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Best SSDs 2018: the top solid-state drives for your PC

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Here’s the thing: there’s a creeping tedium to even the best hard drives. You already know this, and obviously so do we, so we’ve got a bead on the best SSDs. These solid state drives are fast enough to finally free you from the sluggishness of the mechanical drives, with nearly instantaneous data transfers and boot times.

Don’t go thinking that you need one of the best PCs to access the ludicrous speeds that the best SSDs can offer. Ultrabook laptops and SSDs are a match made in heaven – the lightweight and compact design of the best Ultrabooks means that mechanical drives just don’t fit with their design or aesthetic. SSDs are even an extremely compelling upgrade for game consoles – just ask any PC gamer and they’ll likely talk at great length about the blazing fast loading times that only the best SSDs can offer. This flexibility is why we’ve taken the opportunity to create this list of the best SSDs you can buy today – each of which has earned the coveted TechRadar seal of approval.

Even if your budget isn’t as big as you’d like it to be, there are still plenty of great SSDs available. We’ve made an effort to cover a pretty wide variety of the best SSDs with this list, and we were sure to account for price on top of any technical features. There’s even some external drives in this list that you can use with devices other than your PC.

This is the top SSD on the market, and with good reason. It’s astonishingly fast, with up to 3200 MBps read and 1900 MBps write speeds. That’s due to the PCIe interface, which allows light-years faster speeds than the already extremely quick SATA interface. On top of that, it’s available with up to 1TB capacity. And it only requires 5.7 watts of power when active and a mere 1.2 watts when idle. 

Kingston’s HyperX line-up is aimed squarely at gamers. Its headsets are known for being much higher quality than their price might hint at, and HyperX customer support is excellent. Its line of SSDs for gaming computers come in an M.2 form factor, but are also available with a half-height adapter that plugs into your PCIe like any other expansion card.

The NVMe standard is designed to maximize the strengths of solid-state drives, and the Samsung 960 Pro takes full advantage. With an M.2 form factor and ridiculous read speeds of up to 3500 MBps, these SSDs are already enticing, but the fact it’s available as large as 2TB is incredible. All that storage doesn’t come cheap, but if you need lots (and LOTS) of fast storage, it’s definitely worth it.

If you’re looking for plenty of options, the Toshiba OCZ RD400 series of drives come in 4 sizes and three different form factors: M.2, M.2 2280, and add-in card (AIC). Not all sizes are in all form factors, so if you’re looking for a fast 1TB drive, make sure you have room in your computer case. 

  •  This product is only available in the US and UK at the time of this writing. Australian readers: check out a fine alternative in the Samsung 960 Evo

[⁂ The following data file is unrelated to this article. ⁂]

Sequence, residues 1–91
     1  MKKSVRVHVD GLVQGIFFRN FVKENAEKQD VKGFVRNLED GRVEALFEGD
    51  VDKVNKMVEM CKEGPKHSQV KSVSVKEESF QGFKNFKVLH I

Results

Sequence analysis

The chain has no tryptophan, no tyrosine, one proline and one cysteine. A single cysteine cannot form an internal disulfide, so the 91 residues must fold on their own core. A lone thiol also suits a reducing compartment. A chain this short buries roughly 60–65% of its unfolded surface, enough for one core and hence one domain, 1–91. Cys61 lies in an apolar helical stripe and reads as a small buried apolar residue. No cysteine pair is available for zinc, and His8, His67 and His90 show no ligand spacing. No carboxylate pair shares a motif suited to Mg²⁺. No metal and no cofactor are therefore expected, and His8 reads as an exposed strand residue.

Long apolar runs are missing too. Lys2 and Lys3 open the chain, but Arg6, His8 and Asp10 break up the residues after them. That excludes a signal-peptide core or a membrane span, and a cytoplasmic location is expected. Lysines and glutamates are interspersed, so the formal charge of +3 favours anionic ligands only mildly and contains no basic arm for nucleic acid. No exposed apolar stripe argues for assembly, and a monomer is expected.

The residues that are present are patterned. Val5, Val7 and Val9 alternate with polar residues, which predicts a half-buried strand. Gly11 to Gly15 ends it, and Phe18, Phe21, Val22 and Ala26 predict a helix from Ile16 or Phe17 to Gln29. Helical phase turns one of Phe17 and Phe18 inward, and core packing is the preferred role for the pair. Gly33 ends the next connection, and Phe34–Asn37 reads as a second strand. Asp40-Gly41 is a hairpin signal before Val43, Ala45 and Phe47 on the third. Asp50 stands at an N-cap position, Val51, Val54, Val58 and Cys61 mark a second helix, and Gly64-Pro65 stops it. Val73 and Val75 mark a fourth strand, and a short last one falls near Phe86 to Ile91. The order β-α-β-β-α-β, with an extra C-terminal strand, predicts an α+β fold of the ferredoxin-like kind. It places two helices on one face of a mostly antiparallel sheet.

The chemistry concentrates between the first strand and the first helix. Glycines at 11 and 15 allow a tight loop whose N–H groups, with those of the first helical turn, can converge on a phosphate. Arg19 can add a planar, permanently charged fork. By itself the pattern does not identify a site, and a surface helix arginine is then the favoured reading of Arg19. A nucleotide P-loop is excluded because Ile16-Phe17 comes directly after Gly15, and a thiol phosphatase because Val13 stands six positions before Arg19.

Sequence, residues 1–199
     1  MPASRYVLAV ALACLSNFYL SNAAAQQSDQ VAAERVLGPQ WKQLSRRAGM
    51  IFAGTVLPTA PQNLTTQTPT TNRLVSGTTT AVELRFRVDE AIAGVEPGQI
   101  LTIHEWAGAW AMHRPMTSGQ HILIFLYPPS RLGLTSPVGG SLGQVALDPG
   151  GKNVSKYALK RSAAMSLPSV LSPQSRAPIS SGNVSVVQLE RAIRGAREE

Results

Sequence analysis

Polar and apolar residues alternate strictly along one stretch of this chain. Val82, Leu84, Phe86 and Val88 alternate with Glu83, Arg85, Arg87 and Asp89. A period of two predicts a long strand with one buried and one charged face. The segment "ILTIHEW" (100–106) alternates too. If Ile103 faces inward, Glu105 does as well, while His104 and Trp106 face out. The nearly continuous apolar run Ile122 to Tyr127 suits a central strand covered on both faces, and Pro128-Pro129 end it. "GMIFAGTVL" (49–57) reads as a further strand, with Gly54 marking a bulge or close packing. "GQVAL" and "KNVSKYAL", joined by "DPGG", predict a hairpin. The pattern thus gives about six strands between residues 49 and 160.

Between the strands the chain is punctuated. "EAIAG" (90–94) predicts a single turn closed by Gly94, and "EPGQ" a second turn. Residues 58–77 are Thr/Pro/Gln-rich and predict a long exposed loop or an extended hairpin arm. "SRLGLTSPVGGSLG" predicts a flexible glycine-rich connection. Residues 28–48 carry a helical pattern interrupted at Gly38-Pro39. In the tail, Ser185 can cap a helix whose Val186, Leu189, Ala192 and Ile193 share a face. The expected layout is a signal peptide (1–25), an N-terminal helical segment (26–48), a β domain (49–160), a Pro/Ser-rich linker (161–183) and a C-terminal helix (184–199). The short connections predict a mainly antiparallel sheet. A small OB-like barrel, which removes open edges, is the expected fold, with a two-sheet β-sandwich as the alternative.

This M.2 SSD from WD comes with a 5-year warranty and boasts some pretty excellent read/write times, up to 2050 MBps read and 800 write on the 512GB model. Great for installation or OS purposes, but unfortunately the available sizes don’t leave a lot of flexibility as far as storage is concerned.

If you want to save a few bucks, but don’t want to sacrifice too much in the way of performance, the WD Blue SATA SSD is a great compromise. It nearly maxes out the bandwidth of the SATA 3 interface with its read/write speeds, and you can find the 1TB model in the wild for a pittance. 

The U.2 standard allows for bigger SSD capacities and uses your computer’s PCIe x4 slot to send all that data back and forth. The Intel 750 series includes a cable so you can mount the drive in the bay on your case and still plug it into the PCIe slot on your motherboard.

The Crucial BX300 isn’t the fastest SSD you can buy, but it is affordable and chiefly reliable to boot. Sold in three different sizes, this SATA drive is aimed at users still hanging onto older desktops and laptops that might want their PCs to boot up at a rate more analogous to their phones. Plus, it’s a better performer than the pricier MX300, thanks to MLC NAND.

  •  This product is only available in the US and UK at the time of this writing. Australian readers: check out a fine alternative in the WD Blue SSD 

If you need an SSD that will last into your next computer, the HP S700 Pro has just what you need. Its life will far exceed its warranty, offering up 2 million hours of use and up to 650 terabytes written. This is one SSD that’s in it for the long haul, but the SATA interface will slow things down somewhat in the read/write department, which technically helps it last even longer.

Booting from an SSD is a life changer. Seriously, if you’re loading your OS from a hard drive, you’re doing it wrong. The difference is night and day. This PCIe SSD from MyDigitalSSD is an excellent choice for booting up, with a good price and solid performance. It only goes up to 480GB, but if you’re just using it to run your OS, that’s way more than enough.

Unless you have a laptop or desktop computer that employs the USB Type-C Gen 2 interface, you might want to reconsider your interest in the Samsung Portable SSD T5. Otherwise, with read/write speeds of up to 540/515MBps, respectively, this external storage device does its best to keep up with some of the more modest PCIe players, and the result is superb.

Read the full review: Samsung Portable SSD T5

Gabe Carey has also contributed to this article